|Note: I did this ice dive in 2003, and submitted this report to the Extreme Ironing Bureau. It featured in the Extreme Ironing record book.
This event combines the best of art, technology,
and extreme sport. I am spending this winter in Wisconsin, and so I travelled
north to a flooded quarry in a remote part of the state. The nearest
"town" is called Amberg. It lies at one end of the peninsular that
separates Lake Superior from Lake Michigan. There isn't much there until you
reach the Canadian border at Sault Sainte Marie.
my project has been to saw a hole in the ice, scuba dive under it with the
appropriate gear, harness, and surface support team, and iron my shirt on the
ice sheet above me. The iron was a Black & Decker Quick 'n' Easy 410, and
the board was a wooden frame around which the shirt was buttoned. Thus, when
placed against the ice above me, I effectively combined the ice sheet with
the frame into an ironing board. As you can see, this study makes the
artistic statement that the technology of ironing should meld with Nature
arriving at the quarry we cleared the ice of snow and commenced sawing a
triangular hole. An old-style lumber saw (here shown point first in the snow
behind the hole) was used for the first edge but we found it was much more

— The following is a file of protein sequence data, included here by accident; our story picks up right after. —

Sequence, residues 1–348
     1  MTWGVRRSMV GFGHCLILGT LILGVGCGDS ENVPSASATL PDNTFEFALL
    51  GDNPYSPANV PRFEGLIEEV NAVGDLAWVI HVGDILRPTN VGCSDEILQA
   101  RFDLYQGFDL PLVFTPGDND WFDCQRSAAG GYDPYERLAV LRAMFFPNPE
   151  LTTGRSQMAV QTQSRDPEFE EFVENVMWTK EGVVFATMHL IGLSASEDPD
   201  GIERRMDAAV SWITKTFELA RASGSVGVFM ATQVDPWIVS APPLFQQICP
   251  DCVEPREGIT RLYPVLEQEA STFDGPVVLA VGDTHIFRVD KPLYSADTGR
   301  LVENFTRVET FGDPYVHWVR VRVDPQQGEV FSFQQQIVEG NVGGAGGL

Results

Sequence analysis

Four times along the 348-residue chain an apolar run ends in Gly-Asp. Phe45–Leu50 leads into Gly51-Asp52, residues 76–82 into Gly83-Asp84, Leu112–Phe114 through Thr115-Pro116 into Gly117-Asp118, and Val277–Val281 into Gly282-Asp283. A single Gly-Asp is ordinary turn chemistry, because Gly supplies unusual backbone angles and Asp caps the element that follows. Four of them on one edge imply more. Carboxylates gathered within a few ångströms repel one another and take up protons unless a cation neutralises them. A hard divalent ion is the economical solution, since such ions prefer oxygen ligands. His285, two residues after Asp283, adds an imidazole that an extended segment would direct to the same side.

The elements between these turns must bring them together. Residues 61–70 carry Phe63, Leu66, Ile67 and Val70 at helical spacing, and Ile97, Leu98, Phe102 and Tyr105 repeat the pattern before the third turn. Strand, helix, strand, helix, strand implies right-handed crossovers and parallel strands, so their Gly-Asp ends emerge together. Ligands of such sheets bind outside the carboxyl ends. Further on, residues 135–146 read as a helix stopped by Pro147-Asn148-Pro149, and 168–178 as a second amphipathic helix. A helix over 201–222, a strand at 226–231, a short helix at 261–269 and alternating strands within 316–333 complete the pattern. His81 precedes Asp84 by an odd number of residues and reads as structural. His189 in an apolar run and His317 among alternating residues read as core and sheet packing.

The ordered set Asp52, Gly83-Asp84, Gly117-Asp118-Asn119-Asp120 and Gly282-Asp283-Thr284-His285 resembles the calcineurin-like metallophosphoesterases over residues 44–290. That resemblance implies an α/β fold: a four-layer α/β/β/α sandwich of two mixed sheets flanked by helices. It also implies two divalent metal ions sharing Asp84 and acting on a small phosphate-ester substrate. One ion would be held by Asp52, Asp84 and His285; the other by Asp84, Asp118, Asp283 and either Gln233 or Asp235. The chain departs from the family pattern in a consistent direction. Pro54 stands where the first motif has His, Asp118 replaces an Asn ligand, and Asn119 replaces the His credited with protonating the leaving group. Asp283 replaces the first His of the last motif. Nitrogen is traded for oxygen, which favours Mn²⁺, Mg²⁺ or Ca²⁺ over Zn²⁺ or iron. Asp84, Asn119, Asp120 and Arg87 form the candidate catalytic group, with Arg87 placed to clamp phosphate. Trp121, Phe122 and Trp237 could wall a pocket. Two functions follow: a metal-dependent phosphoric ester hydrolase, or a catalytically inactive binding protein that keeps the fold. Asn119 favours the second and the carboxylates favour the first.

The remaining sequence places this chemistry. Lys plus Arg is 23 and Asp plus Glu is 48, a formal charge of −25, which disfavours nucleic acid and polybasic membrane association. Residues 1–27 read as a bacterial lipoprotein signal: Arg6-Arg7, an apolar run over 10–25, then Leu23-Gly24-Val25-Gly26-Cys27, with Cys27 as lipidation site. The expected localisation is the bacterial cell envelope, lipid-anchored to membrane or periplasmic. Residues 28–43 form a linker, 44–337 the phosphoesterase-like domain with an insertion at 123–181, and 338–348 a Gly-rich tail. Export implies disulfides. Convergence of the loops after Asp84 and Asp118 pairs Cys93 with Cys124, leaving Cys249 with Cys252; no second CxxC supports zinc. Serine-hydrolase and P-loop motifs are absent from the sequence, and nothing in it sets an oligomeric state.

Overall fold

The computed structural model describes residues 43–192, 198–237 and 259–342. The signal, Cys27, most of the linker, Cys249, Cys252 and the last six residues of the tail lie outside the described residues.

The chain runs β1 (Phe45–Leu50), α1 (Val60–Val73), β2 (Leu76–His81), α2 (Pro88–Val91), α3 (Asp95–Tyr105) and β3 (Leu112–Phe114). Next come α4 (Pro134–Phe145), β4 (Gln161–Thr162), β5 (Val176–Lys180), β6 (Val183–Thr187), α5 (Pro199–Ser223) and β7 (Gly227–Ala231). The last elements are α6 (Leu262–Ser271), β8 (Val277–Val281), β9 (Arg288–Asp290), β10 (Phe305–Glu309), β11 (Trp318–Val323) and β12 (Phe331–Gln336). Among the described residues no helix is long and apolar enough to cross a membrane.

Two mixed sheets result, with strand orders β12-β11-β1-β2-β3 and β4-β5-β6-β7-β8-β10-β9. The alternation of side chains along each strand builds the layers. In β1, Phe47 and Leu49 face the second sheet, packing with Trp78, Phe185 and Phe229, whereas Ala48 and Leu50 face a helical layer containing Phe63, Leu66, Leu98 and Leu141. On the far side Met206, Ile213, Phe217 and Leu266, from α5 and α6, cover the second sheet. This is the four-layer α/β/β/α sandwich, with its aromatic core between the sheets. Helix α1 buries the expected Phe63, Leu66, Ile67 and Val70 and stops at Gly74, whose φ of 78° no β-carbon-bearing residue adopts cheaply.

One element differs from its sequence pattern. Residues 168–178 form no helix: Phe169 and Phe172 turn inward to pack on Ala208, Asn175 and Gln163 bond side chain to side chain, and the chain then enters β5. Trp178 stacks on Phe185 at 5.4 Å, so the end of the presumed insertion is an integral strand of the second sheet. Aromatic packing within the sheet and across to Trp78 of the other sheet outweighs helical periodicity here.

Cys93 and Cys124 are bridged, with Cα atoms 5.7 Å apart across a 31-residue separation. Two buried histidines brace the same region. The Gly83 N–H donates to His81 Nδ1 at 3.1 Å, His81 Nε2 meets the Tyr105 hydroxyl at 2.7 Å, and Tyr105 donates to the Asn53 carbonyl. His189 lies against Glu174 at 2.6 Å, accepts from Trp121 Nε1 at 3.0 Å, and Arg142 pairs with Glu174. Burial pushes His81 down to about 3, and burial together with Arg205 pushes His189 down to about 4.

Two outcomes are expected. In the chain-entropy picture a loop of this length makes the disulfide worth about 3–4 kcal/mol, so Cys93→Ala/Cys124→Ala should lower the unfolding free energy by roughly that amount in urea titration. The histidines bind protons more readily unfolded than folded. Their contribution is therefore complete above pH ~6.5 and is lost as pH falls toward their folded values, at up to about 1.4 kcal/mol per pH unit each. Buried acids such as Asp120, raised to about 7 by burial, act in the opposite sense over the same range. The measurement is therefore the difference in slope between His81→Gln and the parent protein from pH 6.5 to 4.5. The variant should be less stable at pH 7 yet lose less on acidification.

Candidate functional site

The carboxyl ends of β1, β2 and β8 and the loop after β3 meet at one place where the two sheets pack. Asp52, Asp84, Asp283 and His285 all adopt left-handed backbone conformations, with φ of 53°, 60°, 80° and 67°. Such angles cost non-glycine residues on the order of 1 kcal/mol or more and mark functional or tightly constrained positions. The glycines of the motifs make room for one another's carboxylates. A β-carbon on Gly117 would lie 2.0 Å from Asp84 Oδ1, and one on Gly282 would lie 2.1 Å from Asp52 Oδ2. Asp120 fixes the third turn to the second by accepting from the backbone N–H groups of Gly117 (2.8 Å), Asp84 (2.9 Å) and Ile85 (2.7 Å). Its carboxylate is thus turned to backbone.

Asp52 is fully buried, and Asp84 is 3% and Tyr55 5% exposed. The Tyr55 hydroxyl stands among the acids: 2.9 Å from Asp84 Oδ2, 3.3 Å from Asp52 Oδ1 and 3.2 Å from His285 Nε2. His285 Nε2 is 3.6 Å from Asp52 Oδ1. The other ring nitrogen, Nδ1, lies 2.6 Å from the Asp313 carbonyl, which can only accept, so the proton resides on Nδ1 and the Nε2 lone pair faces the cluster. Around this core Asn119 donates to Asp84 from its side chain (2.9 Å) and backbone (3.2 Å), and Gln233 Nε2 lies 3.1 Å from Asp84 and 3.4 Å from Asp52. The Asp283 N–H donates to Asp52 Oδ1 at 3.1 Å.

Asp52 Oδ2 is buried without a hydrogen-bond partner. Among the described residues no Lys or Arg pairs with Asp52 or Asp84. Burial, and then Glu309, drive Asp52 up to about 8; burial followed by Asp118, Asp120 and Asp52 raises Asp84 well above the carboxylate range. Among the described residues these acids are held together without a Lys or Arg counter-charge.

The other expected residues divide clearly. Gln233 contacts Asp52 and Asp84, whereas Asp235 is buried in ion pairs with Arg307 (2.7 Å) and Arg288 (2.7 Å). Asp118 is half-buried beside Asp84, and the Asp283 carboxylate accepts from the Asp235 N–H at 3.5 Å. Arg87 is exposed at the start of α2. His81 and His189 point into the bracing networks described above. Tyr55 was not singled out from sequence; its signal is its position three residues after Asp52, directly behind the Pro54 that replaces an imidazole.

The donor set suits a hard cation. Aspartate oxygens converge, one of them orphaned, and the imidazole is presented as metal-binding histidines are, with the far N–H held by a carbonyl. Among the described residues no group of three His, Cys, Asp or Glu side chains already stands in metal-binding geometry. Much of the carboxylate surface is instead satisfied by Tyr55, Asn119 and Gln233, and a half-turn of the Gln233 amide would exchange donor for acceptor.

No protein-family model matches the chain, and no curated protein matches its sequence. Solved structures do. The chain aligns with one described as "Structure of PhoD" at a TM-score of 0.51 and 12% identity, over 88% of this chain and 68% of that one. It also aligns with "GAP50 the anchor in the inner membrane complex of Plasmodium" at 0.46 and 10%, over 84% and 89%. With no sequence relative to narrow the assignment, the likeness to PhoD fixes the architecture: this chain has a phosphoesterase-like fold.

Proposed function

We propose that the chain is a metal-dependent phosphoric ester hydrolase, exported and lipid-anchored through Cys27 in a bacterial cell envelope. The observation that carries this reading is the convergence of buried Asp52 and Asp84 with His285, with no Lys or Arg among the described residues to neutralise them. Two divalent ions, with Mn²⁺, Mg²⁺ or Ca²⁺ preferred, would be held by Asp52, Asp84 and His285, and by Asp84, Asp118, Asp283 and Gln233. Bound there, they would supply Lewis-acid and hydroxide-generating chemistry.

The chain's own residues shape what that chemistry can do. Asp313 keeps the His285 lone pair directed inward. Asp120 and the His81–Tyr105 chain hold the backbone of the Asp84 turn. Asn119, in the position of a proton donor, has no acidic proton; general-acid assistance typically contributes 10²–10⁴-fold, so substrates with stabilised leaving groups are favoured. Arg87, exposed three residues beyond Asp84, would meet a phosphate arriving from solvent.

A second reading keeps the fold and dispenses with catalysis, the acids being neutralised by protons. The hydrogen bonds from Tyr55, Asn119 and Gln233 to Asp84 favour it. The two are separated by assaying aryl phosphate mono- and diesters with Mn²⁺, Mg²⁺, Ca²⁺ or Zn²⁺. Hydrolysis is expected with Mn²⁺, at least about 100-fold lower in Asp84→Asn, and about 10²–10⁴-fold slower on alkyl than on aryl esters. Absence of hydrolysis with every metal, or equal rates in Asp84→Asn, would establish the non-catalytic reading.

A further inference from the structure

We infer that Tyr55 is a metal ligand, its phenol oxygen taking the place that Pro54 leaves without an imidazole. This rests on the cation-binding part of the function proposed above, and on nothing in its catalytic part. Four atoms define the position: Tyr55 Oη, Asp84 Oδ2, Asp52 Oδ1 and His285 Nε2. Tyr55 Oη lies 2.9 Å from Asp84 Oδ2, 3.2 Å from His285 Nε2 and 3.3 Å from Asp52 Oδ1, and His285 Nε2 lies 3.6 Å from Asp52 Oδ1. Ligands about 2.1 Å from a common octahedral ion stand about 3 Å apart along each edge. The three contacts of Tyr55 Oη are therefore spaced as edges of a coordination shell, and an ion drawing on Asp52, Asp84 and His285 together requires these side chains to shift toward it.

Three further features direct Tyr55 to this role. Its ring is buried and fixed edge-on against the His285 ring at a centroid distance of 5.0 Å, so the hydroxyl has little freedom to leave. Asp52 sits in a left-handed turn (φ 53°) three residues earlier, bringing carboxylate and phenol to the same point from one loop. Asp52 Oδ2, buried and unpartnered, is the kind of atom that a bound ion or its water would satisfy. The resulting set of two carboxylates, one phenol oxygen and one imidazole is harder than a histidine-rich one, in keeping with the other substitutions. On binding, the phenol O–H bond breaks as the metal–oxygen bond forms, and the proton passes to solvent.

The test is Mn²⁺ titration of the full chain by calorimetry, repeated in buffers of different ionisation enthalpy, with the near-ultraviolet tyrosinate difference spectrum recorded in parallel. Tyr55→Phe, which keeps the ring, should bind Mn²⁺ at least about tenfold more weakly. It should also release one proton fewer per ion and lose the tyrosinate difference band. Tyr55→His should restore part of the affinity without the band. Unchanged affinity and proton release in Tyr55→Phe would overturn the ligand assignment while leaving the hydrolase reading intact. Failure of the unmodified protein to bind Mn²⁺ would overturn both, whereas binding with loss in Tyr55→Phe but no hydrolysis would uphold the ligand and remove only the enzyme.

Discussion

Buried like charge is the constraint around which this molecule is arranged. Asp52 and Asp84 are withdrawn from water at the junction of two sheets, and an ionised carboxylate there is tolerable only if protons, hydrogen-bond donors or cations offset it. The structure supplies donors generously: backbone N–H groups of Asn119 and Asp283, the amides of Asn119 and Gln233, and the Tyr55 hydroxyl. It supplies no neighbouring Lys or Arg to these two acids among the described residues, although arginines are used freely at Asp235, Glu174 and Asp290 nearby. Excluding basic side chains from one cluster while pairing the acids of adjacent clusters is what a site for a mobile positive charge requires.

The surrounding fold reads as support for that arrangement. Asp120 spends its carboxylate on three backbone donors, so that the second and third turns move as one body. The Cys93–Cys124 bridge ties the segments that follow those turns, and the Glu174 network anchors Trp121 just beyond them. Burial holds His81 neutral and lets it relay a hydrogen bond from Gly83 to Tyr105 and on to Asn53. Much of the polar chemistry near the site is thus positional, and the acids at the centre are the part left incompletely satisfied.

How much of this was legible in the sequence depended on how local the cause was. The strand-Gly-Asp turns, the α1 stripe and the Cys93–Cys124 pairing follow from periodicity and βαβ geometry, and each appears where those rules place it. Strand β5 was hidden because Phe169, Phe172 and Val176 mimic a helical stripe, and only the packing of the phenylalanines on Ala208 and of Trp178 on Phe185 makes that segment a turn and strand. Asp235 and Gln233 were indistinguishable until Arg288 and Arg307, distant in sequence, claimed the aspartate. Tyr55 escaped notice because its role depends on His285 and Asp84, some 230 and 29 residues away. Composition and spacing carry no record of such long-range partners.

effective to use a chain saw, which we used to complete the other two sides.
We also shovelled some radial lines from the hole. This meant that if the
divers - myself and the photographer - became separated from our tether
ropes, we could see the bright lines above us and follow them back to our
Equipment included a vulcanised rubber drysuit
and gloves, thermal undergarment, buoyancy compensator with tank and
"pony" (emergency bail-out) bottle, harness and line, mask and
fins, shears for cutting away any entanglements, compass, hoses and gauges,
and 22 pounds of lead shot. Obviously there was no need for a snorkel.
Once in the hole I placed the frame, with the shirt around it, against the lower surface of the ice and commenced ironing. The fish above us are trout - there were about a dozen of them that were attracted by the activity. Our tether ropes are shown at right, leading back to the hole, and at lower right you can see the slab of ice that we cut out and nudged under the sheet. You can see it floating against the underside of the surface. I was careful to replace the slab afterwards, since deer are in the area and we didn't want them falling in. The ice is about 14 inches thick.
These pictures give a better view of the iron
itself. You can just make out the wooden frame inside the shirt. Visibility
underwater was crystal clear - you could see about a hundred feet.
|Brrr! This is the shirt after ironing. Due to the
rapid formation of ice crystals, the shirt freezes in a few seconds. If you
are quick enough you can stretch it into shape properly. I wasn't!|
Credits: Thanks to Kevin Beck for taking the underwater photographs; Green Bay
Scuba for organising the logistics and surface support at Amberg; The
Underwater Connection of Milwaukee for the practice ice dives at Lannon Quarry;
and the Urge to Submerge dive club and Diver's Delight of West Bend for the
test run at Wallace Lake
Get me out of here